Undressed With Farmer Tim: Sweet Corn
The hot summer days of July bring the first cobs of fresh sweet corn. Each year, farmers in Western Pennsylvania compete to see who can bring the first tender, golden ears to market. Generally, Tim King wins. Here, Farmer Tim gives us the inside scoop on one of his favorite crops.
Tell us how you grow sweet corn at Freedom Farms
We’re very proud of our corn. We know that we raise a better product than most people. We seed our first planting of sweet corn in the beginning of April. We till the ground as soon as we get the first break in the weather, and it’s dry enough to get into the fields and plant. The way that my planter works is that the planter is hooked up to a plastic layer, so we plant and lay down plastic in one go. The plastic we use is both biodegradable and photodegradable. It is eco-friendly because it breaks down both above and beneath the soil. It only lasts until the corn starts to push up against the plastic.
In June, once the corn is germinated and pushing up against the plastic, we fertilize and cultivate any weeds that are up in between the rows with a two row cultivator. Then we hook up drip irrigation and irrigate through dry spells and survey the field for any insect pressure. There are a lot of earwigs in Western PA. Crop rotation is really important. Penn State Extension really helps me out. Each year they do surveys to find out if there is high insect pressure in our area.
I’ve heard that there is a lot of competition between local farmers about who will bring the first sweet corn to market.
Oh, there is. Honestly, I have a couple friends of mine who are farmers and we will send each other pictures of our crop to see whose corn is going to tassel first. Every farmer always thinks that their corn is the best, but they’re wrong. Mine is. I’m usually first to market every year.
Run us through the process of harvesting your corn and bringing it to market.
We harvest our corn early, before the sun hits the fields. The whole point of harvesting sweet corn early in the morning is so the dew is on and the temperature is lower. You want to get the corn cooled down as fast as possible. As soon as you get that corn off the stalk, the sugar is starting to break down and turn to starch. When that happens, the corn tastes starchy and loses sweetness. The faster you can cool it down the sweeter it tastes.
We get up early in the morning and pick each ear by hand. Experience is really important. If you know what you are doing, you can sense the density of each ear by feeling it whether it’s ready or not. It takes years to develop that ability. A lot of farmers harvest mechanically. The process is non-selective. The machine goes through and picks every single ear in the field. On our farm, we pick selectively. It takes longer, but the corn tastes better and we can get a second or even a third harvest.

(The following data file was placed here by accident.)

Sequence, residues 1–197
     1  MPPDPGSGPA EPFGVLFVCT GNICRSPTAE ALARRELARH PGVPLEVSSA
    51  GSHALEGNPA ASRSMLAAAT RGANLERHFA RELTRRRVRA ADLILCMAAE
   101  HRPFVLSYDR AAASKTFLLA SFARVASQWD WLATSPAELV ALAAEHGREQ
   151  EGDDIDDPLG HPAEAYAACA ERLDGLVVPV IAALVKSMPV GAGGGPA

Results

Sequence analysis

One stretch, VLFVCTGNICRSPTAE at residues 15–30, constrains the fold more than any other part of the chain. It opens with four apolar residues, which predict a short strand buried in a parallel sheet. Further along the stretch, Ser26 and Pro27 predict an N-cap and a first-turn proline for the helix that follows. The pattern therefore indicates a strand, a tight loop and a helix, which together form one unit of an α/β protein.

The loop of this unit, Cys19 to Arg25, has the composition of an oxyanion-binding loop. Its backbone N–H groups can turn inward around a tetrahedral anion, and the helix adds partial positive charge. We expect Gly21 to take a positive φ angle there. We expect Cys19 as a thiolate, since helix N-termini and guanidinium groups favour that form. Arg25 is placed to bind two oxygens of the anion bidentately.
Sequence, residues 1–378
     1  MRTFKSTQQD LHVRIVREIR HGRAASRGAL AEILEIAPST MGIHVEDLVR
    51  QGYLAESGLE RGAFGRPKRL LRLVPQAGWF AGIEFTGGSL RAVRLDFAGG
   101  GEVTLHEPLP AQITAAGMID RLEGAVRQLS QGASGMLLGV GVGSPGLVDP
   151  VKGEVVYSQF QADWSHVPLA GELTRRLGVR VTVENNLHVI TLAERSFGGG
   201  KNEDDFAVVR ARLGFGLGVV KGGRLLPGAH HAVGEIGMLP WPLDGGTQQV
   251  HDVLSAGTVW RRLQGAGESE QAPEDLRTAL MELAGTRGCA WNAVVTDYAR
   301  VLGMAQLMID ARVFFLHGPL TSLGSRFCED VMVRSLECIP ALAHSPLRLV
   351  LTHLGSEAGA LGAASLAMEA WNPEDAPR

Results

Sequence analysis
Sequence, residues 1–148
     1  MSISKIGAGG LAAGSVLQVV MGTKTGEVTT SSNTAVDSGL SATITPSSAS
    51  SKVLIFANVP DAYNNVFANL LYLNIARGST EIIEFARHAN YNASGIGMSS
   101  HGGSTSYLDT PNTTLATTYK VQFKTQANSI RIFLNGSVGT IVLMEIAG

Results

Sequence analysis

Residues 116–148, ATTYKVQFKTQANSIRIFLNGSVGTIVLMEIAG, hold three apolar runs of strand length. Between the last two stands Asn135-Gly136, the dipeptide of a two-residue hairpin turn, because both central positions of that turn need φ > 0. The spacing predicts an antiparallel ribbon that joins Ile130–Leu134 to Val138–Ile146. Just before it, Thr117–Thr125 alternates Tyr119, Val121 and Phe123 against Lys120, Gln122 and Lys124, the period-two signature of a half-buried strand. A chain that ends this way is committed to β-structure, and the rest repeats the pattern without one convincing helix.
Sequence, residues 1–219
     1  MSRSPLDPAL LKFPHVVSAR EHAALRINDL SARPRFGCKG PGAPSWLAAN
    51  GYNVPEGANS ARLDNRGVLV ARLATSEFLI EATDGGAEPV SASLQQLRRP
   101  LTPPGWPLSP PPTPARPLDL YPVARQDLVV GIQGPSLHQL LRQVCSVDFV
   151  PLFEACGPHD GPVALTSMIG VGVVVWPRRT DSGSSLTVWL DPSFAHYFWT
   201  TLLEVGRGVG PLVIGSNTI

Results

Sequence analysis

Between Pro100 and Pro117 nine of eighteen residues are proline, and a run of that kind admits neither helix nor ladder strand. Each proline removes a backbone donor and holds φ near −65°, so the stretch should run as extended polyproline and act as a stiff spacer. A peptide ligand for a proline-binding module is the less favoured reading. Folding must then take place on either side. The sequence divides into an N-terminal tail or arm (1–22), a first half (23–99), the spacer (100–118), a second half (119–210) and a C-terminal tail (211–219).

How long does it take you to pick corn by hand?
I can pick a sack of corn, which is five dozen, in a minute. I can pick an ear of corn in less than a second. Pete and I are the only ones who can hit that time, but John and Sam and Paul are coming really close.
How much corn do you harvest on a daily basis?
Last year we were probably averaging about 80 sacks of 500 dozen a day.
What happens after the corn is picked?
We load our corn on the truck and take it straight to our Local Market, which is a couple miles from the field. Then we ice it down to prevent sugars turning to starch. We sell it there or pack it on the truck and send it into the city to sell at the Mobile Markets.
What makes your sweet corn different from the corn I can buy at the grocery store?
I’m 100 percent sure that our corn is better than the corn you can get in a grocery store. The grocery stores only sell varieties that travel well because the stores are buying from large commercial growers. That’s how they get their products so cheap. The sweet corn has a much thicker skin on the corn kernels. It’s tougher. The corn has travelled anywhere from a couple days to a couple weeks to get to the grocer and it loses sweetness during that time.
We pick our corn and we sell it on the same day. Period. If we don’t sell it we feed it to pigs, because we want our corn to be tender and sweet. Grocery stores only care that it looks pretty and is high in sugar content. Their corn isn’t tender at all. Taste our corn once – you’ll never go back.
Farmer Tim’s Undressed Sweet Corn
I like to steam sweet corn. I don’t like when people boil the sweet corn because they always boil it for too long. I steam my corn for 2 minutes then butter, salt, and pepper. But probably the best way to eat sweet corn is raw and fresh. That’s our breakfast every single morning in the summer when we harvest the corn.